Due to space limitations, submissions cannot exceed 750 words. If a commentary exceeds 750 words, it will not be considered for publication. All authors must include name, phone number, class year and college affiliation or department to be considered for publication. Anonymous letters will not be considered. All submissions are subject to editing for length and clarity. A submission does not guarantee publication. Please submit via e-mail to oped@dailytargum.com by 4 p.m. to be considered for the following day’s publication. The editorials written above represent the majority opinion of The Daily Targum Editorial Board. All other opinions expressed on the Opinions page, and those held by advertisers, columnists and cartoonists, are not necessarily those of The Daily Targum.


OPINIONS

T H E DA I LY TA R G U M

APRIL 1, 2010 13

Genuine health freedom means more options for all Letter JOSHUA KIEL

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his new bill has nothing to do with the care of patients in America … it solely enhances insurance companies and mandates insurance plan on all Americans. This sums up last Thursday’s column in The Daily Targum, “Reckless politics end health freedom,” on health care reform. The fears increasing taxes on all Americans and small businesses, government exchanges that will assign doctors to patients and be the ones who make all the important decisions patients and their families would be normally entitled to. To the columnist, this law is a blow to “freedom,” taking more money away from Americans and using it to build a system, which will run up deficits and become another bureaucratic failure. Recently, the Christian Science Monitor, not a haven for secular leftist pundits and ideas, detailed the important aspects of the health care bill, simplifying its dense and confusing language so all of us could under-

stand what the bill actually does. The following details come from the CSM’s article on the new law, available online: The immediate effects are moral and sensible: Children with pre-existing conditions cannot be denied coverage; children can remain under their parents’ insurance plan until they are 26; tax credits up to half the price for premium costs for small businesses that offer coverage to their employees; ending insurance companies’ abilities to revoke health insurance when people get sick; a shor t-term, high-risk insurance pool for those with preexisting conditions, and who haven’t had health insurance in the past six months. Exchanges and the individual mandate to purchase insurance, along with an end to denying insurance because of pre-existing conditions, do not come into effect until 2014. $940 billion dollars will be spent over the next ten years, yet the Congressional Budget Office says the law will cut the deficit by 2019. How? Individuals making over $200,000 a year and couples making over $250,000 will see increases in their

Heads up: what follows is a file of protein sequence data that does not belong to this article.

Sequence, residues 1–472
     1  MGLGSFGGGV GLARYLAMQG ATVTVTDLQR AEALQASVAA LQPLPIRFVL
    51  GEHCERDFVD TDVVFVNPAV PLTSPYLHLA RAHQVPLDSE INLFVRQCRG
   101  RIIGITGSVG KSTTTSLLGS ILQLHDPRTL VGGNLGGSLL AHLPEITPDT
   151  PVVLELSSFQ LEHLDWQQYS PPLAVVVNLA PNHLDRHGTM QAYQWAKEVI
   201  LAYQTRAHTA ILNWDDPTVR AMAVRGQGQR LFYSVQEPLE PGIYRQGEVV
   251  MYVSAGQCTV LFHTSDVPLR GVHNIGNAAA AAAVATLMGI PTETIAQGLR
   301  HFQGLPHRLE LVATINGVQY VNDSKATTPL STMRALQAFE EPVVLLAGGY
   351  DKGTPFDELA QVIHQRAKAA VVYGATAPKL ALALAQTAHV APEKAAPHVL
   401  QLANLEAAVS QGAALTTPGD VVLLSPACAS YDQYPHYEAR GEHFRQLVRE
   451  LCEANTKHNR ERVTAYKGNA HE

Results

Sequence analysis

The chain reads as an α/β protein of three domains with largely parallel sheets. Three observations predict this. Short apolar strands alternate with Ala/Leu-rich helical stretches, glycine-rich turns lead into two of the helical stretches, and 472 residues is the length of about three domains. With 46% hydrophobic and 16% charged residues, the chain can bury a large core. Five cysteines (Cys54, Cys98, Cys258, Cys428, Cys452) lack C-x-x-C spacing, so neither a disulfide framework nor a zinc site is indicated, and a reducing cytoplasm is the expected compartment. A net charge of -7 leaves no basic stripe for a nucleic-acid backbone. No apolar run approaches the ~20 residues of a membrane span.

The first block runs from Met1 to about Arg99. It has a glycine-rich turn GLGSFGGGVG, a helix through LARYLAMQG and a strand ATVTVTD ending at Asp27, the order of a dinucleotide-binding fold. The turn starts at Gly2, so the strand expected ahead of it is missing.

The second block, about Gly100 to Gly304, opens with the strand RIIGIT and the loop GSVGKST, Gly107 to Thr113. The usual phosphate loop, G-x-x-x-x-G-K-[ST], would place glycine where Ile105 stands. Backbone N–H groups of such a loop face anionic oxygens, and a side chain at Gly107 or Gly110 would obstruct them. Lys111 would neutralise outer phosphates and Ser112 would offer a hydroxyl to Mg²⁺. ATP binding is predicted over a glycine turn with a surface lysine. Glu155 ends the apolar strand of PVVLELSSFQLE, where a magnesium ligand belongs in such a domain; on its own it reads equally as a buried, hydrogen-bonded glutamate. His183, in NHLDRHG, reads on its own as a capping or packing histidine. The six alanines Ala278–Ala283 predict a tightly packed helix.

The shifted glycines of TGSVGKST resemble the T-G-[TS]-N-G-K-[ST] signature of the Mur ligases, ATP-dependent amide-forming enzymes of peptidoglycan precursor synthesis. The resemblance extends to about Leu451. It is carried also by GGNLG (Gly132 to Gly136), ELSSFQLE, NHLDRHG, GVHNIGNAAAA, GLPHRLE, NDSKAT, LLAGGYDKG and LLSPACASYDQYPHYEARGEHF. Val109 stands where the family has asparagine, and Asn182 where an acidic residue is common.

Medicare tax rates, up to 2.35 percent. These taxes do not come into effect until 2013, but are expected to raise over $200 billion. Drug manufacturers and insurance companies have promised to pay $16 billion and $47 billion respectively between 2011 and 2019. A less significant, yet humorous, tax is a 10 percent tax on indoor tanning services, expected to raise another $2.7 billion from now until 2019.

“Government is not the problem, and it is not the solution.” Companies with 50 or fewer employees are exempt from conditions for coverage. Those with more than 50 employees, who do not offer coverage, will pay a $2,000 fee for each worker, if just one employee receives federal subsidies to purchase an individual insurance plan. Employees who work for companies offering insurance plans, but who earn less that 400 percent of the federal poverty line, and whose premiums are

between 8 and 9.8 percent of their income, can purchase insurance through the exchanges. Again, these changes do not come into effect until 2014. The CBO estimates a large majority of working individuals will remain on their employer-based plan, with average premiums staying the same or possibly falling 3 percent. Those who work for small businesses won’t see premiums raised by more than 1 percent and possibly decrease by 2 percent by 2016. Cuts are made to Medicare Advantage (the private insurance-run alternative plans to Medicare), up to $132 billion, along with reductions in Medicare payments to home health care by $40 billion and some payments to hospitals by $22 billion until 2019. Medicare will now pay for annual wellness visits. The infamous “doughnut hole” is addressed, with the government offering $250 for prescription-drugs for those who have paid over $2,700 in a year, but do not receive more assistance from Medicare until they have reached $6,154. The percent-

ANTON MATVEEV